It’s been well-known for a while now that information, online and offline, has always been searched for and monitored. From GCHQ to the NSA, it sometimes seems like the entire alphabet is watching your every move online. With items like the ‘snooper charter’ making changes to digital monitoring, many countries are yet to see eye to eye when it comes to whom and what people should be able to see.
Sunday came and went without an agreement between American and European officials regarding how data should be transferred between the two areas. With information on the internet being sent around the world before reaching you at your computer, handling private and sometimes confidential information is a sensitive topic.
One of the key areas of debate is how European’s data would be protected against surveillance from the American government, with legal support for anyone to settle disputes in the American courts relating to their information.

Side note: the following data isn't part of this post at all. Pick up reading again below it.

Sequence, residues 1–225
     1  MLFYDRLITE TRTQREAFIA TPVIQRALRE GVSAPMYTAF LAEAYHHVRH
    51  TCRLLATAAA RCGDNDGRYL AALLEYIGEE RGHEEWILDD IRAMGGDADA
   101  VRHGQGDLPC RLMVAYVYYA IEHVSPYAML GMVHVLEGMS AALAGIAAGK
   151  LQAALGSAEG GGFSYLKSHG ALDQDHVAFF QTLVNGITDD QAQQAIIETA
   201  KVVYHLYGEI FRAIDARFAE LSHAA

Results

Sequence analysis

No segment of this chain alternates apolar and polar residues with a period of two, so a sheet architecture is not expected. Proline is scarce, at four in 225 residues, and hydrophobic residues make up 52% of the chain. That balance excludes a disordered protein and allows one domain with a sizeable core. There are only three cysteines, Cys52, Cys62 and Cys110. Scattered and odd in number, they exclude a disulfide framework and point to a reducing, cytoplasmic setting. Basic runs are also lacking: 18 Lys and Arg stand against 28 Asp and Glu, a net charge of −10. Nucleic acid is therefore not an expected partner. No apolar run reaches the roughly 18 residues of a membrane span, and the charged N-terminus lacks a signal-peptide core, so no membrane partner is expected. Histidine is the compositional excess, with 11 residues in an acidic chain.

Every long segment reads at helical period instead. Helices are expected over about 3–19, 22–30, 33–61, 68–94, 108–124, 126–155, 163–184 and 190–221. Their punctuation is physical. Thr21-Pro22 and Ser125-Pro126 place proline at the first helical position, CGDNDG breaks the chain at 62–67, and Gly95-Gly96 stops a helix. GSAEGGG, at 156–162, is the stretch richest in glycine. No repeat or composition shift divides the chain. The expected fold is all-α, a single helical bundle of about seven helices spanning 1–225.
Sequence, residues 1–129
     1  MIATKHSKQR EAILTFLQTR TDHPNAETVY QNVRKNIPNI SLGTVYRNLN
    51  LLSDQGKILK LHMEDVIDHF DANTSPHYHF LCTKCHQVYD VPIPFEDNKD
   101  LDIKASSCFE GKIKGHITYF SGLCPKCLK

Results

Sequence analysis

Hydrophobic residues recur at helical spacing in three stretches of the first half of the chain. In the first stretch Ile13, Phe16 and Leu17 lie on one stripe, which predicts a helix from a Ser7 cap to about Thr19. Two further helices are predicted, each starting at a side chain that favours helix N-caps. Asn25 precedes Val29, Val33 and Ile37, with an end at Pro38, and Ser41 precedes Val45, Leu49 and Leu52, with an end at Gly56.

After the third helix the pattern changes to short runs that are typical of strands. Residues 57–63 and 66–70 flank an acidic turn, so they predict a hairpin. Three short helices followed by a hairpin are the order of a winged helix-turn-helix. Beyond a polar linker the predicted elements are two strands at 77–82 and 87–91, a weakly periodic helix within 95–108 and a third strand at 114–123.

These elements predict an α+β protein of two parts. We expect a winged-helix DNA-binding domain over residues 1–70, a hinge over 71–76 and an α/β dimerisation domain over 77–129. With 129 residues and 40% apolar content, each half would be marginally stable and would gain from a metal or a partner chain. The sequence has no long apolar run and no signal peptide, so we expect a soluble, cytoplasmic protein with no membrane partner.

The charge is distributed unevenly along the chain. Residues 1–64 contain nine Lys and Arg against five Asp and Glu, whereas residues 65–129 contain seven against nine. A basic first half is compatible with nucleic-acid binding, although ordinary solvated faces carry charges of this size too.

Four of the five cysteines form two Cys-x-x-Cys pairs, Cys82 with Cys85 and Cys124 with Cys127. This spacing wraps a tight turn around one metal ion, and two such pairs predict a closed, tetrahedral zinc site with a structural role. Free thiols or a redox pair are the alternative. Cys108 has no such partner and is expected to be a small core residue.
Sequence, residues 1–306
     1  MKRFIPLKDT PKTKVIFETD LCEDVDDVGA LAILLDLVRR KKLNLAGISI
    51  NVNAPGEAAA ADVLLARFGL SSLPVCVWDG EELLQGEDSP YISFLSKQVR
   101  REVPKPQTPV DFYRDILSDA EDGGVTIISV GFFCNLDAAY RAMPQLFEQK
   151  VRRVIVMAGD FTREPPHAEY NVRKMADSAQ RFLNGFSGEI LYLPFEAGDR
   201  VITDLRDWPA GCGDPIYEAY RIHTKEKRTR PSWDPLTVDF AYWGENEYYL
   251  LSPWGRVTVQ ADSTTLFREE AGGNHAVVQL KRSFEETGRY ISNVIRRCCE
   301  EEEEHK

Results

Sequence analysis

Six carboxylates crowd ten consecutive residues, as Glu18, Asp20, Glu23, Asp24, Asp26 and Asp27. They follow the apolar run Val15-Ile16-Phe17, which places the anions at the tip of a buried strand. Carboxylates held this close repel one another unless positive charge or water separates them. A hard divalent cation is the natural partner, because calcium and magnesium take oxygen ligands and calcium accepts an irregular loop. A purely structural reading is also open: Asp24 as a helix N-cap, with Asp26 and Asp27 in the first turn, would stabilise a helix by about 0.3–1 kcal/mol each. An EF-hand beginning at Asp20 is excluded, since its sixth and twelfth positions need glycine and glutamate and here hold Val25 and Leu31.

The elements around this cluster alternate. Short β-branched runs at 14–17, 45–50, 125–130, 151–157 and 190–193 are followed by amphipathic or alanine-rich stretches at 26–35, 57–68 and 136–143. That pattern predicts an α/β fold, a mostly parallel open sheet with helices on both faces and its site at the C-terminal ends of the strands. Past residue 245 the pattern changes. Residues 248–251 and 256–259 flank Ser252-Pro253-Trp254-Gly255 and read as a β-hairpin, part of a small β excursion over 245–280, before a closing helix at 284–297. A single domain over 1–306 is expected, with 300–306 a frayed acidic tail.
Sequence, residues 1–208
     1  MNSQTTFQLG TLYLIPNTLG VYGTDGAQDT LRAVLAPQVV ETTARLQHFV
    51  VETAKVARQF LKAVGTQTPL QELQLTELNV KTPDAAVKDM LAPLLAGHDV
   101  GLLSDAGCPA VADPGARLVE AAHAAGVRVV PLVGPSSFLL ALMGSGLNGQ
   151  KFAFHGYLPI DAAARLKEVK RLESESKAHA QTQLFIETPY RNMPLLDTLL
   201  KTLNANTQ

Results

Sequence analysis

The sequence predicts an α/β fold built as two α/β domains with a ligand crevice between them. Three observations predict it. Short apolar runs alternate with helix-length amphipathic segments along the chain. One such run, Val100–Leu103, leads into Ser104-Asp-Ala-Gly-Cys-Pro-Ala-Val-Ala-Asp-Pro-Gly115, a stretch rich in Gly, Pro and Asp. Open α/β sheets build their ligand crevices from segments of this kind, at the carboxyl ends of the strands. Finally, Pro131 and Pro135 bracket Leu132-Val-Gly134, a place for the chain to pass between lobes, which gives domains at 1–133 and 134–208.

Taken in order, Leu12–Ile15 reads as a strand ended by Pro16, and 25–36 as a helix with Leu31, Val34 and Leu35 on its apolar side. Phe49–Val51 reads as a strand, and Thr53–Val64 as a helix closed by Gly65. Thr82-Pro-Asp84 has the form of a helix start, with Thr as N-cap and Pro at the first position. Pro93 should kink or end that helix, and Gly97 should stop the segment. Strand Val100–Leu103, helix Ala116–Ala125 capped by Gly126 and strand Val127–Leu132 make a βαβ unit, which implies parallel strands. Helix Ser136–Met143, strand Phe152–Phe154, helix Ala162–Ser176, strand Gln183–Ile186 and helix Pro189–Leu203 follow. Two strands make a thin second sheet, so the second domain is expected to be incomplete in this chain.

With big companies like Facebook and Google operating around the world, although with large bulks of their companies based in America, you can see why they are interested in how this discussion will end.
This negotiation began three months ago, with a 15-year-old data transfer pact (also known as a safe harbour agreement), being invalidated due to Europeans data not being protected well enough when transferred to the United States.
With some people arguing that the standards in the US match those present in Europe, the deadline for a resolution is slowly creeping in, putting pressure on every party involved to resolve the matter.